Monday, July 16, 2012


Tomorrow the library's summer reading program special event is "Didgeridoo Down Under," an Australian themed program. Well, what is a didjeridu or didgeridoo?

The didjeridu is the main musical instrument of the Aboriginal peoples of Northern Australia. The instrument is simply a hollow tube of wood that becomes a sophisticated wind instrument in the hands of a skilled player. Traditionally, it was not used as a solo instrument, but as an accompaniment to vocal music.

The actual instrument is made from a piece of wood or bamboo, about 4 or 5 feet long, usually a natural branch. Eucalyptus that has been hollowed out by white ants is considered ideal. The open wooden tube is blown at one end. Sometimes there's a mouthpiece of wax, clay or hardened gum used to hold the player's lips as they vibrate as with a modern brass instrument.

The didjeridu only plays 2 notes, a fundamental and an overtone a major 10th higher, an acoustical oddity. The usual explination for the overtone at the 10th is the differences in diameter at parts of the tube, coming from a natural branch.

Soaking the instrument in water is said to make a mellow tone, while playing a dry instrument creates a flat tone that does not carry well. Sometimes water is poured down the inside of the tube if the instrument dries out while it is being played.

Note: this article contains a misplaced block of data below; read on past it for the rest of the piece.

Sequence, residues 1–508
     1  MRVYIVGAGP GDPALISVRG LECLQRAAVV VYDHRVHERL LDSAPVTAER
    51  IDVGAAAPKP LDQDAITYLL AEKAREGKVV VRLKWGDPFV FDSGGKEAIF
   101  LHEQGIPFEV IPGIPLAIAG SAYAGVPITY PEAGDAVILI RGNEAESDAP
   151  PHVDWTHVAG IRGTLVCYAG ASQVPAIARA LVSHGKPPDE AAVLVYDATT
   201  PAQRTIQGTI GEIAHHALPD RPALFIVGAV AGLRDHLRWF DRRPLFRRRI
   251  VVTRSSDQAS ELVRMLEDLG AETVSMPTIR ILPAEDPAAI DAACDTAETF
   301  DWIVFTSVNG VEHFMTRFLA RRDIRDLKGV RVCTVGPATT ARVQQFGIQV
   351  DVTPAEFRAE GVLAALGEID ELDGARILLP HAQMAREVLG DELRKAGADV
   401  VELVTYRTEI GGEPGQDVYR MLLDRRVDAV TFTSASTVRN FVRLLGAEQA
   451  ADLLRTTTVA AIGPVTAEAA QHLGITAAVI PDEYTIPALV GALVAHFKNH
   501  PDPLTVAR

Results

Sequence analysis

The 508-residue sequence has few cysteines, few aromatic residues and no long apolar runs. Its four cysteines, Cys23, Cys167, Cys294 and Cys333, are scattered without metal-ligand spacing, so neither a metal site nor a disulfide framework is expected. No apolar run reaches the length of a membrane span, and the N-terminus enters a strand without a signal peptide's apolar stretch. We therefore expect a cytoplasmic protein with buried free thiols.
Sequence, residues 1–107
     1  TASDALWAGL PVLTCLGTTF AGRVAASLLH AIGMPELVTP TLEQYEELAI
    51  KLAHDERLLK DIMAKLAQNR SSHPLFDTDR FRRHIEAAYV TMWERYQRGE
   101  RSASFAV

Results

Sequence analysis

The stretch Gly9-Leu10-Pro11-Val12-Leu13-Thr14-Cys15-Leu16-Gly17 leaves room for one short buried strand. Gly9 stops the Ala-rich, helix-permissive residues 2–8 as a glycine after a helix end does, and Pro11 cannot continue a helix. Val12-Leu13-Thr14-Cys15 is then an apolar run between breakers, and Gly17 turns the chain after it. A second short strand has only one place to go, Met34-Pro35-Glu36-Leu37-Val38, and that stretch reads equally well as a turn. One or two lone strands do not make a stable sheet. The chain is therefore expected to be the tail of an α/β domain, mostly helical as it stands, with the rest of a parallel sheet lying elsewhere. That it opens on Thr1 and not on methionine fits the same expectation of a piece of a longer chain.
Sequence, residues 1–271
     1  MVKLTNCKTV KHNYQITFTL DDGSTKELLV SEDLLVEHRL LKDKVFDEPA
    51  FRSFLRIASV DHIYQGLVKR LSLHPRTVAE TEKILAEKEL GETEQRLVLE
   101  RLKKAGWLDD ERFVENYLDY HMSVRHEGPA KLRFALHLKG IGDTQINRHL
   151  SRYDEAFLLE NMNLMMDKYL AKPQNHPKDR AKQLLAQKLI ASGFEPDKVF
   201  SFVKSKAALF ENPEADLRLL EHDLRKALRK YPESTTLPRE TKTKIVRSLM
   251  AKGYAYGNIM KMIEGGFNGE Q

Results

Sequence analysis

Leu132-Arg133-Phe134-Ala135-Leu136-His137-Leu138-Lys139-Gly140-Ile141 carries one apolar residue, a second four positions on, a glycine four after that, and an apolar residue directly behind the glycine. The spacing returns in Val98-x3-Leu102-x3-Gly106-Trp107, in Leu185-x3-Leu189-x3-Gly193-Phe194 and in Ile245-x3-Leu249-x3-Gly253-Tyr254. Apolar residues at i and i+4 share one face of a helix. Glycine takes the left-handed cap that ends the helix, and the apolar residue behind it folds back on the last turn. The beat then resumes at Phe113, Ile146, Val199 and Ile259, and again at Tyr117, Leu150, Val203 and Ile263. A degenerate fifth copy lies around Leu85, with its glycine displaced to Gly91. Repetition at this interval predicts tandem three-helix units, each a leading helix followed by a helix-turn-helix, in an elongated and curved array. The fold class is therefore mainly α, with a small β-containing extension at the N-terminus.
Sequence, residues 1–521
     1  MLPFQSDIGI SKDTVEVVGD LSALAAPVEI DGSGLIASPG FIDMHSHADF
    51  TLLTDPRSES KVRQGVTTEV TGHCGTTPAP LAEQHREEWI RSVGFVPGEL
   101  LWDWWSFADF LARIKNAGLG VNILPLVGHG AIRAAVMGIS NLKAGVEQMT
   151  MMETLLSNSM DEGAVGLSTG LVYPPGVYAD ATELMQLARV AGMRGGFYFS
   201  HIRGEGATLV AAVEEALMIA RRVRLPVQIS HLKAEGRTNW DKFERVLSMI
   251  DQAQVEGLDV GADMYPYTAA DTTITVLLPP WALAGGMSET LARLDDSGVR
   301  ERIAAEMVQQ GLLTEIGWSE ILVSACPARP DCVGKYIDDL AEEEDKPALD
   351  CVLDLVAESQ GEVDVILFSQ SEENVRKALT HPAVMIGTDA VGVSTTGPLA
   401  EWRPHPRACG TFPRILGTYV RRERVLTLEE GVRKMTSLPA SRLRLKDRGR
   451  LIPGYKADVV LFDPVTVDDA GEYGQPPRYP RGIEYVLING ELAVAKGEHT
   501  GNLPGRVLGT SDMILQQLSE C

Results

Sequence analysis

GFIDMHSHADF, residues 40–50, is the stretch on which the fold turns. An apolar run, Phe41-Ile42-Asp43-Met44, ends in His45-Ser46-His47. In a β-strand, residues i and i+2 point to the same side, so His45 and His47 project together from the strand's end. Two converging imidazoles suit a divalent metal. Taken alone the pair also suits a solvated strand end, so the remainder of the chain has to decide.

Technique goes beyond the vibrating lips. The overtone is produced by lip pressure. Tongue movements create intricate rhythmic patterns. Different tone colors come from altering the shape of the mouth cavity and the position of the tongue.

The didjeridu is a combination of a drone and a rhythm instrument. The sound must continue, so breathing must continue for a continuous air stream. Breathing is done through the nose, with extra air stored in the cheek and pharnyx to be used while the player is breathing.

Additionally, the player makes hummed chords against the drone, and uses various types and styles of toungings, as well as changing color and timbre, providing a varied accompaniment for the singer and the song.

In the hands of a skilled player, the didjeridu is a very sophisticated instrument, even tough it comes from a simple branch.

More information on the didjeridu (or didgeridoo) and Australian music in general can be found in the Polley Music Library.

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